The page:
Often the phrase “factory floor” stirs up an outdated image of a man in overalls, plugging away at a conveyor belt, turning raw materials into widgets. Or, popular culture provides dystopic visions of a workerless factory, one where the machines rule and churn out widgets at a frenetic pace.
I work with some of the biggest manufacturers in the world—from Bosch to BMW, and many in between—and what I see is different. I see a world where machines are increasingly designed to work closely with their human counterparts and augment the skills of a factory worker. The technological advancements we are revolutionizing the factory floor to make the worker safer and more effective.
In fact, recent statistics from the U.S. Labor Department have confirmed my suspicions. Manufacturing has grown by 327,000 new jobs over the last year, which represents the best 12-month stretch in 23 years. And the MAPI Foundation predicts that investment in the U.S. manufacturing sector will continue to grow over the next several years.
An employee scans the desired box from a distance, which allows a single worker to scan multiple boxes, integrated with a central database. The central database, connected through Bluetooth, creates efficiency gains and better tracking.
Technology Empowering Workers, Keeping Them Safe
Today, connected devices are providing near-instant data to IT and information systems so workers can accomplish more. This decentralized approach provides a new opportunity for workers, who can be more autonomous from middle management.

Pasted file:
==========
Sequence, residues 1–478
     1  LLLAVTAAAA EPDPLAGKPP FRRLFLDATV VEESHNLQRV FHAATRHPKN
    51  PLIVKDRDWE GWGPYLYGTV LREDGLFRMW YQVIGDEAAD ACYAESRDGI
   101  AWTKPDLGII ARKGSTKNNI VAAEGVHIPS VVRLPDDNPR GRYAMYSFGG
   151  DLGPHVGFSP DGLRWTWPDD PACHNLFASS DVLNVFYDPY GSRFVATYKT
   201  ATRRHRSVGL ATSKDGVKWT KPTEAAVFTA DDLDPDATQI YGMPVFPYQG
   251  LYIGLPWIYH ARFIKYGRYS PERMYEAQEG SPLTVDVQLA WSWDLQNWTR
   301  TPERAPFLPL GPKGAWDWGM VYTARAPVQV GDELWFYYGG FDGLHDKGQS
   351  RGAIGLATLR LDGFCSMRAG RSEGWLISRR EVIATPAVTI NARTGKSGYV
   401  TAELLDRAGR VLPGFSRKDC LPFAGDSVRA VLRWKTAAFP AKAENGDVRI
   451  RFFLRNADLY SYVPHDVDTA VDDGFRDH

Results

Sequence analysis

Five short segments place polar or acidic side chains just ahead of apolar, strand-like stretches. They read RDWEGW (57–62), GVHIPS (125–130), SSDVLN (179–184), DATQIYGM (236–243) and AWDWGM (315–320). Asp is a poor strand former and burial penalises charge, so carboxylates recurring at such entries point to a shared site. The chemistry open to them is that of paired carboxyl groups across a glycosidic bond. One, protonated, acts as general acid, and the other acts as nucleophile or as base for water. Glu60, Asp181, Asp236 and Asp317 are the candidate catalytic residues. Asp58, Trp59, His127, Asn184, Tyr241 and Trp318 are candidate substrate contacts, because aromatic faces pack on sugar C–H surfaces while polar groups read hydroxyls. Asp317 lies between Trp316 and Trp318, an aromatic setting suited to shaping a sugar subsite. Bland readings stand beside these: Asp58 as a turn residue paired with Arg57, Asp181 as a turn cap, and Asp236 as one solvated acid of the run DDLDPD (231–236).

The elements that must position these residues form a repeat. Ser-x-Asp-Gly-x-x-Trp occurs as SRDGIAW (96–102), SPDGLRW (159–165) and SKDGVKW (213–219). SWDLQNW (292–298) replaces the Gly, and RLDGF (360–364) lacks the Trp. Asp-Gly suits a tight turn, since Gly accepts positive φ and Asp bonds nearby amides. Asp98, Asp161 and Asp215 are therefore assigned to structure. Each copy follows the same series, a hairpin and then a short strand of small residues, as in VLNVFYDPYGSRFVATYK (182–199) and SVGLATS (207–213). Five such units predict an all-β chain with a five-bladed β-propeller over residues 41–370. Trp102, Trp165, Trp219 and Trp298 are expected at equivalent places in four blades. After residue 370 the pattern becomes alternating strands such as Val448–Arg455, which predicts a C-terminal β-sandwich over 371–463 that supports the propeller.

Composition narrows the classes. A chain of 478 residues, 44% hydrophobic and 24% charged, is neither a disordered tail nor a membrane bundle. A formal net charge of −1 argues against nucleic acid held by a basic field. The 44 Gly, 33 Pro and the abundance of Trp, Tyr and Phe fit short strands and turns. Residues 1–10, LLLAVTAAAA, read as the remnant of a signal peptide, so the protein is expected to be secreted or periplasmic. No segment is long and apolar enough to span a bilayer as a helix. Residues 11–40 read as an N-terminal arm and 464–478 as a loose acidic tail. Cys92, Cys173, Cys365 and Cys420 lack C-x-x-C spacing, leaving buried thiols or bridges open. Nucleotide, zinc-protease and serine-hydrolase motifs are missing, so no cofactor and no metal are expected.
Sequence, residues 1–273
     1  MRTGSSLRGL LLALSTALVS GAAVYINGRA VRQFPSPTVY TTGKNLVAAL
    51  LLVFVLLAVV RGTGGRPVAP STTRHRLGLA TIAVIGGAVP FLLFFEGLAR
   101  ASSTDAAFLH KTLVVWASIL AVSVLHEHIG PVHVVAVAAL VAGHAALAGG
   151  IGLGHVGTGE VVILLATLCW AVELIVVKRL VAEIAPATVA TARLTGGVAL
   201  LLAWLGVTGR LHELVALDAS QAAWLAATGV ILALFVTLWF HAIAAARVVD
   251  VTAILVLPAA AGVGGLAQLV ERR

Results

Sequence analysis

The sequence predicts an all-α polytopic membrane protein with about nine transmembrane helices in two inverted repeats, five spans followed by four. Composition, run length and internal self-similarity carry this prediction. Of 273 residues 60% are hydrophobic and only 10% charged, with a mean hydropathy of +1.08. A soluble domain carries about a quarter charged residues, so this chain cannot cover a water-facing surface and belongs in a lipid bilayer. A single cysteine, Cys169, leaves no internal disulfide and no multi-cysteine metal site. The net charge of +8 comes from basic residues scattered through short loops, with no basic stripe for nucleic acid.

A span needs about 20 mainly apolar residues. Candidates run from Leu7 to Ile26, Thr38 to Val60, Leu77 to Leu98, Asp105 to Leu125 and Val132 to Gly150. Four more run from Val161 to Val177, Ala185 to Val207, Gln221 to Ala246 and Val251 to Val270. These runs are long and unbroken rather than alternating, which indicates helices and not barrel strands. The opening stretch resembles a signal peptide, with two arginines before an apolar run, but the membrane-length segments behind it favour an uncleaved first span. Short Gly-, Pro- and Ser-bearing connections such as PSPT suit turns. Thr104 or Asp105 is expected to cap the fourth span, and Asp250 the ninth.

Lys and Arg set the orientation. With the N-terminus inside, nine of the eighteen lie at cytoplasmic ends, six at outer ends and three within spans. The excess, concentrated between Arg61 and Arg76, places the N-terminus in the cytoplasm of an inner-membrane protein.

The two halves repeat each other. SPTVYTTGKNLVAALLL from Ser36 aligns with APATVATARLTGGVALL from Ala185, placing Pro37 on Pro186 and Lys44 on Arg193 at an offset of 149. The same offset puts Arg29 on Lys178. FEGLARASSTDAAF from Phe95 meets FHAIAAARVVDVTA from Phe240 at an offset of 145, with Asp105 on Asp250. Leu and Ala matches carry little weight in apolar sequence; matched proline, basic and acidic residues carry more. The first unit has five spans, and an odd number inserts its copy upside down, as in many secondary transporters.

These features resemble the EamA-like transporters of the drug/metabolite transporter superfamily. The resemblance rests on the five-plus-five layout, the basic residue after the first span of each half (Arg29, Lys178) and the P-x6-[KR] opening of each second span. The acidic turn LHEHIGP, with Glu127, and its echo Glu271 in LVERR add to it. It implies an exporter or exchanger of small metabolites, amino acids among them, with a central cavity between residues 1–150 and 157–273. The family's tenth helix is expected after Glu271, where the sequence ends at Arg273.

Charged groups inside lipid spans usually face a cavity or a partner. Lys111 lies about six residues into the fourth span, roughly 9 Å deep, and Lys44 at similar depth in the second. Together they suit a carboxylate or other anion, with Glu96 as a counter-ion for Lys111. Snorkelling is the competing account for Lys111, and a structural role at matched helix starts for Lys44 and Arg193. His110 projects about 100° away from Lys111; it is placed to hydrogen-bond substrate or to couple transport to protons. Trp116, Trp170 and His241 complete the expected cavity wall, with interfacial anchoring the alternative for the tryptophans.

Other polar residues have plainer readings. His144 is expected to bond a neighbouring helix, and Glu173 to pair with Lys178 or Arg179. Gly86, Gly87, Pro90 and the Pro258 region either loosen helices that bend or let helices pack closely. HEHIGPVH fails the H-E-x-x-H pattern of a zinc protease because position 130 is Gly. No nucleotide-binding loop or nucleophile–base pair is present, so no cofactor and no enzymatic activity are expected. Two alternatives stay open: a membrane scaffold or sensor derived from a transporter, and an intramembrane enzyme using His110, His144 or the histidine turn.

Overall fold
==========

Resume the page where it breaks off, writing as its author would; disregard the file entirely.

For example, glasses provide instructions through augmented reality. Such glasses can help take the guesswork out of complex processes or train new employees rapidly. Perhaps most importantly, they identify unsafe practices before they turn into habits and lead to injuries…or worse. Other examples include vests that alert forklifts when a worker is close, or scanning technology and smart gloves that scan items from a distance—saving time and reducing repetitive strain injuries.
Such items allow for workers to focus on their jobs. Distractions are one of the main causes of injury, and concentrating on the tasks in front of them, rather than the many items vying for their attention, allows workers greater efficiency and makes the industrial workplace safer.
A worker uses a ProGlove scanner while looking at the data on a nearby tablet. Industries adapting wearable technologies include logistics, manufacturing, and retail.
The Worker at the Heart of the Future Factory
As I see it, the worker is a crucial part of the ongoing evolution of the industrial ecosystem. As with previous waves of automation and technology change, the worker will become more productive, safer, and produce higher-quality results. Mass adoption of fully automated factories in the foreseeable future will remain an illusion due to a number of factors: too many product varieties, short life-cycles, and the general need for creativity and adaptability on the factory floor.
Workers will evolve through their tools, similar to how it has happened over the past several millennia. Advances in technology will lead to better working conditions and greater gains for the company.
An employee puts a charged scanner on the glove. Each scanner can run for nearly two shifts, 15 hours, on a single charge. Such battery lives are greatly increasing the usability of wearables across a number of industries.
Most exciting, though, is that these technologies are really just in their beginnings. We have decades more to see the symbiosis between man and machine play out. Or, as we think of it at ProGlove, how the human fits with a machine, technology that fits like a glove.
Charlie Grieco recently joined ProGlove as vice president of sales and North American operations. Grieco will oversee the smart wearable maker’s North American sales activities and report directly to CEO Andreas König. Grieco has more than 20 years of experience and held management positions at AetherPal, SOTI, Dell, and other renowned organizations.